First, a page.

In 1962, Alfred Hitchcock and Francois Truffaut spent a week in a room at Universal Studios talking about movies. That interview became the book Hitchcock/Truffaut, which proceeds systematically as the two explore Hitchcock’s career, analyzing each of his films one by one. The discussion wasn’t filmed, but the audio was recorded, and now that audio forms the spine of Kent Jones’ Hitchcock/Truffaut documentary, which doesn’t so much adapt the book as it does bring it to life onscreen. Hearing Hitchcock and Truffaut makes clear something that’s easy to forget reading words on a page: That this conversation — maybe the greatest ever on the subject of films and filmmaking — was conducted through a translator. Hitchcock didn’t know French; Truffaut couldn’t understand English. But both spoke the language of cinema, which transcends communicative limitations.
Themed entertainment is a like a shark or a relationship – it has to keep moving forward or it has to die. Today, September 8, 2015, marks the day that Universal officially leaves its past behind. Disaster!: A Major Motion Picture Ride Starring You, is closing to make way for a Fast and Furious themed ride. It’s closure marks the definitive end of the park’s original intentions, for better and for worse.
A remake of Alfred Hitchcock’s The Birds (or any Hitchcock, for that matter) seems absurdly unreasonable and destined to fail. A remake of The Birds from producer Michael Bay and his Platinum Dunes banner seems even more absurdly unreasonable, but here we are. The remake has been in development for some time now, but Bay & Co. have finally found a brave soul to volunteer their services.
Many of Alfred Hitchcock's movies, from 'Psycho' to 'Vertigo' to 'Rear Window,' are about voyeurism, so the idea of peering into Hitchcock's own previously hidden private life does make a certain amount of sense. But if 'Hitchcock' resonates with some of the Master of Suspense's ideas, it's never faithful to his spirit. Hitch would never have put his name on a film so full of lame pop psychology and so bereft of excitement, tension and humor. Which is a shame, since the title of this movie is his name.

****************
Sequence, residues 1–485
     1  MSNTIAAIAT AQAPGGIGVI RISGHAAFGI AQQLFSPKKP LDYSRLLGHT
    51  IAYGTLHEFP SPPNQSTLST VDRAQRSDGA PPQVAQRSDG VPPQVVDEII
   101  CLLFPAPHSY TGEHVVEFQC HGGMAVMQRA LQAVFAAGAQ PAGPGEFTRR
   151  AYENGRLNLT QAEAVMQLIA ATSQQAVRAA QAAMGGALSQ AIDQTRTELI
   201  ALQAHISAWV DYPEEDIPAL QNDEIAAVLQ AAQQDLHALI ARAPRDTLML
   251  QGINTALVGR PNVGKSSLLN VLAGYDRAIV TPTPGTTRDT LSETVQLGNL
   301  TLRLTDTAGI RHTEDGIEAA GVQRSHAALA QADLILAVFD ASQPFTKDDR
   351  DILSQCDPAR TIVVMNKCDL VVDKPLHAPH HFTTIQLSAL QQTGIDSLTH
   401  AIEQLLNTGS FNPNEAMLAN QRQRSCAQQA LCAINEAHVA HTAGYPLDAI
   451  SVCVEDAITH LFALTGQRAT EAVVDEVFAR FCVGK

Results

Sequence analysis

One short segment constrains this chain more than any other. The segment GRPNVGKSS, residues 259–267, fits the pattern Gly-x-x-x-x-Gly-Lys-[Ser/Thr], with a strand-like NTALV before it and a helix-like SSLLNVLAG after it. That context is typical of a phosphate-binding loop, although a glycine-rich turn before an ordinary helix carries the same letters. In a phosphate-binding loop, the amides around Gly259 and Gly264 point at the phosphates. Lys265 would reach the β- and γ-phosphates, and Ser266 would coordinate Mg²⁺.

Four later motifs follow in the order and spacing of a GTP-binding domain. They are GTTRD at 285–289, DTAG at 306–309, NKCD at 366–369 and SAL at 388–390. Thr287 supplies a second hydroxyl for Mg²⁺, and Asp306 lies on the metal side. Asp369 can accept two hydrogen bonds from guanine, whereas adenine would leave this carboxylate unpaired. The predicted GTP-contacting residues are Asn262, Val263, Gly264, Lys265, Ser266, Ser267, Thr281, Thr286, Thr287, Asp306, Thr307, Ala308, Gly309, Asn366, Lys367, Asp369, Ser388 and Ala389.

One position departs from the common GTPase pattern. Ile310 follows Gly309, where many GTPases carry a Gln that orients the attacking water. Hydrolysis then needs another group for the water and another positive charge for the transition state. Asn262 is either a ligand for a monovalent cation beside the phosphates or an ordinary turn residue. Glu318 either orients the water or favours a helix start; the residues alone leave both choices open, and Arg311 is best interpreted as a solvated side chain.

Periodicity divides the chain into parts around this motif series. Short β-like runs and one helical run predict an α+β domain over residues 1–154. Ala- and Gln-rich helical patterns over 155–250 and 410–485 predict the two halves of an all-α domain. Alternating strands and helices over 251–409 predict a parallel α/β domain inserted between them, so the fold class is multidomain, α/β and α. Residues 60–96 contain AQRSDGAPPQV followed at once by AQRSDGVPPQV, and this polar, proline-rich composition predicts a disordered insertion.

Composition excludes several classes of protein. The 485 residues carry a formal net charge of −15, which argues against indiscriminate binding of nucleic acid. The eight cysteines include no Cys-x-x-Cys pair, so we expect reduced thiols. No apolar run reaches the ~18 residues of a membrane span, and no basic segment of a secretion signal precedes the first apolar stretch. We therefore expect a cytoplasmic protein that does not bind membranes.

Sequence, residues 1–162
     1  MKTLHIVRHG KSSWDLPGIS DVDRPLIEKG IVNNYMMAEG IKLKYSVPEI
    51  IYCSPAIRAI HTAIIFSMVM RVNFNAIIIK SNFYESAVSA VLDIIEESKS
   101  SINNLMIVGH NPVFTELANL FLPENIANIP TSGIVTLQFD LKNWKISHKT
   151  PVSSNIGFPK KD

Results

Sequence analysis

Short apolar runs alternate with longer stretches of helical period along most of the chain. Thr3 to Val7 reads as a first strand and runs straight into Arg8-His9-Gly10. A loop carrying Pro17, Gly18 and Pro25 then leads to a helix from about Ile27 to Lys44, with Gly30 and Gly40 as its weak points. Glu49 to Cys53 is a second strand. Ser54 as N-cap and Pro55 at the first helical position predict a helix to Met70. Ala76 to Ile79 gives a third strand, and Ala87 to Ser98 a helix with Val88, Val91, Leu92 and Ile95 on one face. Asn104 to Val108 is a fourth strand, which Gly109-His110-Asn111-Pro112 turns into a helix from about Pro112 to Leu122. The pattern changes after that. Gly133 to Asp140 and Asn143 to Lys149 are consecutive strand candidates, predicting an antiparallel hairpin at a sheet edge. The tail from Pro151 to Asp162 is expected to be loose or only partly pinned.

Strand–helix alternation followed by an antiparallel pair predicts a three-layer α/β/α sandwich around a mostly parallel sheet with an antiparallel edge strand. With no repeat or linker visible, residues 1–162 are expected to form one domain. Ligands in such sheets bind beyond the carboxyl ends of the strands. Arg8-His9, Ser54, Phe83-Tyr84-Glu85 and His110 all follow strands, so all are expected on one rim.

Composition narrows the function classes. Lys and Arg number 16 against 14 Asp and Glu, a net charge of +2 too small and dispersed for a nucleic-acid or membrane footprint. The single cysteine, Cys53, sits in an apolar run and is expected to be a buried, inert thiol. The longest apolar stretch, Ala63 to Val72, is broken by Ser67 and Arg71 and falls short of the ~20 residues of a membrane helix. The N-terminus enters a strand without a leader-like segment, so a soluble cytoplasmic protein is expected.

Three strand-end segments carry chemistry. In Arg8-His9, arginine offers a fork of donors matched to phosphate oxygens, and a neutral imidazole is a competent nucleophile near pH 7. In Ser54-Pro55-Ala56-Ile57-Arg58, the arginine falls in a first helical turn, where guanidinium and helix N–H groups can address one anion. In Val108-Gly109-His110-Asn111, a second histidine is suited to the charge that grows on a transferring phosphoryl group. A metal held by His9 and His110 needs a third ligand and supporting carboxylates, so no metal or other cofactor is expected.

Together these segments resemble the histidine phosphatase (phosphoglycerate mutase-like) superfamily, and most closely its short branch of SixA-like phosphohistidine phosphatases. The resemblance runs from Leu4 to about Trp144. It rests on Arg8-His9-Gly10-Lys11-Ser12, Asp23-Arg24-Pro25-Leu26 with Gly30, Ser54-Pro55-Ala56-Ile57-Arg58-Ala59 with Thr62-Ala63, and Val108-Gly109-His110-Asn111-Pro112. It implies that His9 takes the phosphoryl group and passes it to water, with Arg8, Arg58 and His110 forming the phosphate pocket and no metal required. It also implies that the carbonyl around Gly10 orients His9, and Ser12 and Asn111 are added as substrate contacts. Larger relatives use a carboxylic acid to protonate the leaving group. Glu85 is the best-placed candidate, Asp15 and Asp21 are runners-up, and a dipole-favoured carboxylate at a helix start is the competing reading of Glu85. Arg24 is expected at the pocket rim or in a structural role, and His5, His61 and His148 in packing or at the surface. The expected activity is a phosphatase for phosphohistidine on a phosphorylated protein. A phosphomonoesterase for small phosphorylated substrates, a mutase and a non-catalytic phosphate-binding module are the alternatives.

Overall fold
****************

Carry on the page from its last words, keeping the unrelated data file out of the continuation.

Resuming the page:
Let us, for now, put aside the question of if Alfred Hitchcock was one of the greatest directors of all time -- he was, but... -- and instead contemplate how no director before or after Hitchcock has been as public, and as perfectly matched to their public persona. Sure, Scorsese and Spielberg and Shyamalan all get out in front of their flicks, to an extent, but not in the clever, in-on-a-joke way that Hitchcock became Hitchcock. It is, interestingly, one of the things that gets in the way of actually looking at the films -- Hitchock's life was more fractured and flawed and unforgiving than that of even most directors. But this new Universal set, 'Alfred Hitchcock: The Masterpiece Collection,' confronts you with such a dense chunk of his filmography so well-presented and restored, in a package as stout as the man himself, that it physically confronts you with his actual work.
“Good evening.” Fox Searchlight has decided to give Sacha Gervasi’s ‘Hitchcock,’ with Sir Anthony Hopkins playing the ‘Psycho’ director, a November release date. That’s a bit of a shock, given the fact that the busy Thanksgiving weekend seemed to be set with Ang Li’s ‘Life of Pi,’ David O. Russell’s ‘The Silver Linings Playbook’ and the animated ‘Rise of the Guardians.’ But now we’re tasked with figuring out if Searchlight has an Oscar player up its sleeve.
For fifty years Sight and Sound's critic poll crowned 'Citizen Kane' the number one film of all time. Their polling- which is done every decade - has had fluctuations elsewhere, but 'Kane' stayed on top for half a century. Until today, when it went to second place behind Alfred Hitchcock's 'Vertigo.'
Alfred Hitchcock had such a recognizable side profile that the Master of Suspense’s facial sketch became the universal logo for his television series and later movies. When we learned Sir Anthony Hopkins would play Hitchcock in a pending biography, we had little doubt he could inhabit the director’s mannerisms, but we were curious how he’d mirror the rotund filmmaker’s face. A new photo eases our fears.
Earlier we reported on the addition of Jessica Biel to 'Alfred Hitchcock and the Making of Psycho.' Now the film with the self-explanatory title has added a whole host of stars to its already prestigious cast.